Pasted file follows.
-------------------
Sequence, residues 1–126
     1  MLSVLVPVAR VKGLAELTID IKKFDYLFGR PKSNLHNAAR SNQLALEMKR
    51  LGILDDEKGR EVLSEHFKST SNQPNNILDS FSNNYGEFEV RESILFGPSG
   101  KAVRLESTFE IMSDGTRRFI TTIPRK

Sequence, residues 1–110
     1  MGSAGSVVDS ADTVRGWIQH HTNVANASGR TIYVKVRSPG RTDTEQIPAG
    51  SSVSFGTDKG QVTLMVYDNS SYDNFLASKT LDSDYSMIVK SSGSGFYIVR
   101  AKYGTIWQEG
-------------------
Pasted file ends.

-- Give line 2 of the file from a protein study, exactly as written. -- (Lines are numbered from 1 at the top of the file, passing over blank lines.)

     1  MLSVLVPVAR VKGLAELTID IKKFDYLFGR PKSNLHNAAR SNQLALEMKR